Siri has finally been ported over to older iOS devices and, unlike last time, there is a way you can install it right now. If you’re interested, you can follow the guide after the jump!
Siri was revealed at Apple’s Let’s Talk iPhone event on October 14th as a voice-based personal assistant which, well, allowed you to use your iPhone’s many “smart” features through voice alone. It was included as one of the three main features of the new iPhone 4S (the other being a best-in-class dual-core chip and advanced optics) and is exclusive to it, meaning folks on older iOS devices were left to set reminders and alarms, call their contacts and send emails through (shudder) touch input.
Yes, if you read the above sentence carefully, you’ll find that this port is GUI only so you will not be able to use voice commands like you would on an iPhone 4S. This is because of the fact that Apple’s servers, which process your Siri voice input data, do not accept data for Siri from an iOS device unless it is from an iPhone 4S.
What’s the point, then? Well, that’s a very good question and our answer may not satisfy you: the fact that the community has got the GUI working has us hoping that they just might find a way to trick Apple’s servers into receiving data from older devices. This guide is strictly just for those of you who want to try the graphical elements of Siri on older iOS devices without actual functionality, or in others words, just for showing it off as it has no other practical use.
How To Install Siri GUI On iPhone 4 and iPod touch 4G
DISCLAIMER: We here at Redmond Pie have not tested this method and do not recommend installing Siri on your iPhone 4 or iPod touch 4G. The following instructions are shared for educational purposes only. Proceed at your own risk.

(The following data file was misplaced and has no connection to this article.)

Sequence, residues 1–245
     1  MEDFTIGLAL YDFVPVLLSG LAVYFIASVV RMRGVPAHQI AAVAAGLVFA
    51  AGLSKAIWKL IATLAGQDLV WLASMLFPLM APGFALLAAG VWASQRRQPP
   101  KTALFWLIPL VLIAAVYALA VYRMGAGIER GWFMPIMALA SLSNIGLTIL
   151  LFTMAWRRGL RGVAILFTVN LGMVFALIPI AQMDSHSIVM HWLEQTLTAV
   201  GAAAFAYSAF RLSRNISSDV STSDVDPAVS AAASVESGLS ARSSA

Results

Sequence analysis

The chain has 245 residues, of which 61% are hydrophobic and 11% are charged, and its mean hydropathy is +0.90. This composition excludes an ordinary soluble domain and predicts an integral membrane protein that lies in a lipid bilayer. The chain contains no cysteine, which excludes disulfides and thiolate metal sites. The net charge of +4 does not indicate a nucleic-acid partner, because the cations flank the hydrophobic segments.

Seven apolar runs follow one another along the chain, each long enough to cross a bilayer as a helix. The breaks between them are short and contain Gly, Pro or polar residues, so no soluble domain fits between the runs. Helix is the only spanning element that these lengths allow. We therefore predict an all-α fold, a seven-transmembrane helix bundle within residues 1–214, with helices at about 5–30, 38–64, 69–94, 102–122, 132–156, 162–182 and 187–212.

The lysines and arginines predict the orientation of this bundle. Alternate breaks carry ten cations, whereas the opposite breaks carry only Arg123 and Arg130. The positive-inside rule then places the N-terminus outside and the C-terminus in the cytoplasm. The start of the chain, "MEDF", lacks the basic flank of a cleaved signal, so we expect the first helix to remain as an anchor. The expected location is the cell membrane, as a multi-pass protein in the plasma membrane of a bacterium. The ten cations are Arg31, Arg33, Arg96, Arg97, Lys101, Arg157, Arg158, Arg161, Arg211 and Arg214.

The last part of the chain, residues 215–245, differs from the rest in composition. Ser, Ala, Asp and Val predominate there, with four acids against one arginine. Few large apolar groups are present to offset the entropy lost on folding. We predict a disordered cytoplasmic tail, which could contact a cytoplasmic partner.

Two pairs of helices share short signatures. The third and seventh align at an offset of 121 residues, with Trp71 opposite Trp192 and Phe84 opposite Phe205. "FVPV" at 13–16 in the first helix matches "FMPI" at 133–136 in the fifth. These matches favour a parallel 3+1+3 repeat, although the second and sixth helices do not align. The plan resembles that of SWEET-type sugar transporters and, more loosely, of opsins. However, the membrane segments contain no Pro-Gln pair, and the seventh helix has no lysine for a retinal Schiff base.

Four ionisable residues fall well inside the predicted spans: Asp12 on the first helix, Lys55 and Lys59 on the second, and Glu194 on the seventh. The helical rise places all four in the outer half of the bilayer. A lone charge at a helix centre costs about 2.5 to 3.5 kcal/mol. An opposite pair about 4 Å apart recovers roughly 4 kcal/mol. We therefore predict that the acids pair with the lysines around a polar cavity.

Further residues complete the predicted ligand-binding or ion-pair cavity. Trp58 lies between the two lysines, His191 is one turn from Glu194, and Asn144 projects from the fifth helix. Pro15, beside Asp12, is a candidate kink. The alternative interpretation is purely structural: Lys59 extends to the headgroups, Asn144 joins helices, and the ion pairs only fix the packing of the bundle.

Step 2: Download files required for the Siri port to iPhone 4 and iPod touch 4G. You will have to find these files yourself as we wont be able to share these files with you.
Step 3: Using a file explorer for your iOS device, copy over the AssistantServices.framework folder you downloaded in Step 2 to Root > System > Library > PrivateFrameworks after plugging in your device to your computer via USB.
Step 4: Transfer all files from the Springboard folder in Step 2 to Root > System > Library > CoreServices > Springboard.app on your iOS device.
Step 5: Using iFile (you can get it from Cydia), open the .plist file for your iOS device from System > Library > CoreServices > Springboard.app. It will be named N81AP for iPod touch 4G and N9x for iPhone 4 (where x may be 0, 1, 2).
Step 6: Add a new property list named assistant to the .plist file and set its class as Boolean while setting its value as YES.
Step 7: Add the following to the .plist file:
Step 8: Respring your iOS device.
If you followed the steps correctly, Siri’s GUI will be installed on your iOS device. You can hold the Home button to activate it. Once again, we remind you that voice commands don’t work yet since Apple’s servers don’t accept voice command input from iPhone 4 or iPod touch 4G.
If you prefer video over text, you can follow the video guide embedded below:
(thanks @euwars for the hat tip!)